Daniel Suarez — What a night Suarez had going. The Stage 2 winner, Suarez led four times for 36 laps and was running fourth inside of the final 60 scheduled laps. But on a restart with 55 laps remaining, Suarez thought he was clear for fourth ahead of Chase Briscoe. He wasn’t and was instead sent spinning in front of the field, getting clobbered by Todd Gilliland and Chris Buescher, who tumbled down the frontstretch after his impact. Suarez had the speed but not the result, finishing 25th. The No. 99 car has finished 25th or worse in three of the last five races

Chase Briscoe — Briscoe finished fourth for his best finish since Martinsville (ninth), but that still felt like a disappointment after contending for the win late with Kyle Larson. Briscoe hunted down Larson on a 48-lap green flag stretch to fight for the lead. But his move to Larson’s left with two laps left in regulation sent the No. 14 Ford sideways and spinning, watching a crown jewel win slip out of his grasp. He already scored his first win this year at Phoenix, but Charlotte now joins Bristol dirt as races Briscoe could have finished second at worst and instead wiped out.

Chris Buescher — It’s hard to roll over multiple times down the Charlotte front straightaway without feeling like you lost the day. Buescher’s crash was violent as his No. 17 Ford tumbled quickly and viciously down the turf and pavement at pit exit. Buescher was trying to salvage a long day and appeared en route to his fourth straight top 10 in the Coca-Cola 600. Instead, he was forced to settle for his second straight finish outside the top 25 this year with a 26th-place finish.

Sponsor adds more races in 2023 with Josh Berry


Jarrett Companies will increase the number of races it will sponsor Josh Berry‘s No. 8 JR Motorsports ride in 2023, the Xfinity Series team announced Monday.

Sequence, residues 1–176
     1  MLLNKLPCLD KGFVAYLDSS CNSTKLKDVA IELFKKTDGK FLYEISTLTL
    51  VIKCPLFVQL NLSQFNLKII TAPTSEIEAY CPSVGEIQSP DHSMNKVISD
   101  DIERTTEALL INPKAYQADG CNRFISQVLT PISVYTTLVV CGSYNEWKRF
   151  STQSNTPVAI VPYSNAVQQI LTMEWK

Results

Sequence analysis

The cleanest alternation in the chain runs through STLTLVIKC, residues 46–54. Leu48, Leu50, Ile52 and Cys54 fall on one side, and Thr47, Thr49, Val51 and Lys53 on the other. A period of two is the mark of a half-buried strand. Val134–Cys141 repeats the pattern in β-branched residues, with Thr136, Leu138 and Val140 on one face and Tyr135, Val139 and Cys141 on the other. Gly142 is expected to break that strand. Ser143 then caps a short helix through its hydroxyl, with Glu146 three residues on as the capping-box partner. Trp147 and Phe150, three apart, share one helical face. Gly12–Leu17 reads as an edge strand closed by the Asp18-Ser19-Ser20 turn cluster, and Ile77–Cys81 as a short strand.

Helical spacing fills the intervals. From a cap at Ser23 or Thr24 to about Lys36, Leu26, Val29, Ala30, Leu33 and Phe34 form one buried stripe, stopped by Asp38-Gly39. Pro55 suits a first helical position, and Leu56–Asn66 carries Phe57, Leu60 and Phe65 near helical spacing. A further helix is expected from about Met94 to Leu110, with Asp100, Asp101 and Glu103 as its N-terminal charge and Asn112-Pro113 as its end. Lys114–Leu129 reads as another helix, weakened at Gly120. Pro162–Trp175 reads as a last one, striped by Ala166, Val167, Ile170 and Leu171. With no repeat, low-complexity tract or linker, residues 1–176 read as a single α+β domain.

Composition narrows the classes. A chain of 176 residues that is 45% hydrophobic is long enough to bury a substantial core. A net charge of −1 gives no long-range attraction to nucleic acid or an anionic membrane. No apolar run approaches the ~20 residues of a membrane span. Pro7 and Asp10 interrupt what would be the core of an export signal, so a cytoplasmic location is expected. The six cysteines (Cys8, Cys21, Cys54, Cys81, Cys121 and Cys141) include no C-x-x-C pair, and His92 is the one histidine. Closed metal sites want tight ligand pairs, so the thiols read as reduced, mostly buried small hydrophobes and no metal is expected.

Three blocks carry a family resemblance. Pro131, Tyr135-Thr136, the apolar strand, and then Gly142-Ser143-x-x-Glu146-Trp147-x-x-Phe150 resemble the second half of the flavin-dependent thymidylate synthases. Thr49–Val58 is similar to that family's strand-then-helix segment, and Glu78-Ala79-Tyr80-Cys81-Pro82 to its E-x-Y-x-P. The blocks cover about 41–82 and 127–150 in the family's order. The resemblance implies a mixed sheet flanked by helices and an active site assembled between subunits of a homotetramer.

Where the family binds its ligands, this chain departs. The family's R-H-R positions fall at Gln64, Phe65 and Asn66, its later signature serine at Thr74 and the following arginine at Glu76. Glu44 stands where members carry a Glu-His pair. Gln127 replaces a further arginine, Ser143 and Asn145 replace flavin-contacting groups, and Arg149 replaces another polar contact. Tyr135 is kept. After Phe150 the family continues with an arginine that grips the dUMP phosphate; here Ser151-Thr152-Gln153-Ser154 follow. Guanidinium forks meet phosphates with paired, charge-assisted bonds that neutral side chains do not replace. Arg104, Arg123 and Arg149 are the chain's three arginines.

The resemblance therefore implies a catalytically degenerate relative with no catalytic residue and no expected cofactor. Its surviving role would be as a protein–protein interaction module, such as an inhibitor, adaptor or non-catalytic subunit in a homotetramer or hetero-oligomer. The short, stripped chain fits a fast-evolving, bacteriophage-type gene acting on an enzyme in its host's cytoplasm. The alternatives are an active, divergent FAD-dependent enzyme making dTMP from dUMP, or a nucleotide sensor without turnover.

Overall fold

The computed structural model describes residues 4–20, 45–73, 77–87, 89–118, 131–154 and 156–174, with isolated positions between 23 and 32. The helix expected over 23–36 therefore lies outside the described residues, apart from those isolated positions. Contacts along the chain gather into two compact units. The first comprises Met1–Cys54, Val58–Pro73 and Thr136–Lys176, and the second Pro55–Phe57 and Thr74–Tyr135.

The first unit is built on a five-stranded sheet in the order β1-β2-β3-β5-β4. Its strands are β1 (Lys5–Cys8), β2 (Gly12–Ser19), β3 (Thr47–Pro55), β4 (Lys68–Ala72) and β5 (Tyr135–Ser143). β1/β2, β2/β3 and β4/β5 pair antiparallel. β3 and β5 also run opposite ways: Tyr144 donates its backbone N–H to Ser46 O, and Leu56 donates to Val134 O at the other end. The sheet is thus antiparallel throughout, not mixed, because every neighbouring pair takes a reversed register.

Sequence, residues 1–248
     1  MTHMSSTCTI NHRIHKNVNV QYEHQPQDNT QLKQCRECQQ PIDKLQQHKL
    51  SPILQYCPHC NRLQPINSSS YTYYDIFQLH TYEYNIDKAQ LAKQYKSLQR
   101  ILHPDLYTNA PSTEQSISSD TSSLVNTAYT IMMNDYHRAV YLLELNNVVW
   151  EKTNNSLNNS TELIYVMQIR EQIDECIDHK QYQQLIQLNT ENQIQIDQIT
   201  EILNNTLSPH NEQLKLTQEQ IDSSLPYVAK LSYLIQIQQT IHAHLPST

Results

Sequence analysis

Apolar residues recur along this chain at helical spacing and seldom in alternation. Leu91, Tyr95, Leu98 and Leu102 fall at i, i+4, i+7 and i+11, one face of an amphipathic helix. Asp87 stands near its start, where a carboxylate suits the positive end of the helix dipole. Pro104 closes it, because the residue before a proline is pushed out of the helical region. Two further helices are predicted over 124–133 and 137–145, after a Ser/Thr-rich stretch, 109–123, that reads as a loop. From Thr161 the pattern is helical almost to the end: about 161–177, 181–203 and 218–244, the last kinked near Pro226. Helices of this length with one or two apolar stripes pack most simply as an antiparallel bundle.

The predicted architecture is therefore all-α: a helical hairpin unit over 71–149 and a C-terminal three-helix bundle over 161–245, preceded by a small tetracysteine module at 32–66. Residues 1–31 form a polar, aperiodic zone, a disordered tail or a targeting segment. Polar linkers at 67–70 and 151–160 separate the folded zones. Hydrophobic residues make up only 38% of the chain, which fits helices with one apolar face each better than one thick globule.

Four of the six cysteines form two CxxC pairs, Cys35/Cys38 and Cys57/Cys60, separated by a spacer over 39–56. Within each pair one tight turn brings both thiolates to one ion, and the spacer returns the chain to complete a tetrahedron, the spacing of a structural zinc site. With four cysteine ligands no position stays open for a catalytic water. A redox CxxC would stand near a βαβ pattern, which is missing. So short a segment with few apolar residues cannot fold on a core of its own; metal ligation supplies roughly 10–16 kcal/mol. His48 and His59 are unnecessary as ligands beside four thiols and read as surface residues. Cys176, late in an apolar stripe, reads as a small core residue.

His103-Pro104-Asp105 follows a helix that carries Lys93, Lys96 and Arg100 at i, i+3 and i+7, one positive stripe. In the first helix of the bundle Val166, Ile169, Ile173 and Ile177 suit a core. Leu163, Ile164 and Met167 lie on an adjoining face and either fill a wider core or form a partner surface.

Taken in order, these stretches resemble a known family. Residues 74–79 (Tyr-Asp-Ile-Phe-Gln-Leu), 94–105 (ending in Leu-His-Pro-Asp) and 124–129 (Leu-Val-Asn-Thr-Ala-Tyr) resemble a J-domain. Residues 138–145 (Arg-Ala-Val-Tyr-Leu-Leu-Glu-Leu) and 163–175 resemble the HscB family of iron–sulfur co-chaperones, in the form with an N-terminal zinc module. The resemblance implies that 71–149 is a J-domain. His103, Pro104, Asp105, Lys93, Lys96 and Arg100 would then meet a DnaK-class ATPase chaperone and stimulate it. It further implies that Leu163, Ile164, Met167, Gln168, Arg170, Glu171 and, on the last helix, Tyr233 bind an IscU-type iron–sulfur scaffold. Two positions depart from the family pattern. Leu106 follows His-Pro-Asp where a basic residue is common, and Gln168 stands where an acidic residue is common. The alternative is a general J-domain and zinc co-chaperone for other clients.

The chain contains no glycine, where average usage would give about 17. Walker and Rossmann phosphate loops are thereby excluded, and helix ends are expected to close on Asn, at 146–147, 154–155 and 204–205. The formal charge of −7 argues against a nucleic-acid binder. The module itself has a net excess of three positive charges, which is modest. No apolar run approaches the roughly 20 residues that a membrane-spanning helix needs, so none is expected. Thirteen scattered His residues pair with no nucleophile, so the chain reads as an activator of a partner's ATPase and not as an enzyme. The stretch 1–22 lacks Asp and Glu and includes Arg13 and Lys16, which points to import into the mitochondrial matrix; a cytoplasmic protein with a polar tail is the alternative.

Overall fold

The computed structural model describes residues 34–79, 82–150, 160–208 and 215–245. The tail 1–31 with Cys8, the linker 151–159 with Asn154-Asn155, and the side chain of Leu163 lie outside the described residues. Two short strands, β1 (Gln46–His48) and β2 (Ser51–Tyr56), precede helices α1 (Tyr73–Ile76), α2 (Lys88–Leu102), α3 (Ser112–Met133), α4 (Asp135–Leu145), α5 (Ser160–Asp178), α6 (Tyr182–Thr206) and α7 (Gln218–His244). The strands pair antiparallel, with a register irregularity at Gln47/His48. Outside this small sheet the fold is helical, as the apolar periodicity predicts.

Jarrett Companies will sponsor Berry in six races after serving as the primary sponsor in three races in 2022. Those six races will be Phoenix (March 11), Richmond (April 1), Dover (April 29), Atlanta (July 8), Indianapolis (Aug. 12) and Texas (Sept. 23).

The deal gives Berry at least 26 races with sponsorship for next season. Bass Pro Shops will serve as the primary sponsor of Berry’s car in 11 races in 2023. Tire Pros is back with JRM and will sponsor Berry in nine races in the upcoming season.

Berry, who reached the Xfinity title race and finished fourth in the points, will have a new crew chief in 2023. Taylor Moyer will take over that role with Mike Bumgarner serving as JRM’s director of competition.

The 2023 Xfinity season begins Feb. 18 at Daytona International Speedway.


Where are they now? Buddy Parrott enjoying down time

1 Comment

Buddy Parrott played outsized roles in two of the most dramatic races in NASCAR history.

Now 83 years old and retired from the sport since 2001, Parrott looks back on those two days as highlights of a career that began in the early 1970s.

In the 1990 Daytona 500, champion driver Dale Earnhardt seemed on course to end his frustration in NASCAR’s biggest event. He held the lead roaring down the backstretch on the last lap. Suddenly, Earnhardt slowed with a blown tire.

The lead was inherited by Derrike Cope, who charged to the checkered flag to score one of racing’s biggest upsets.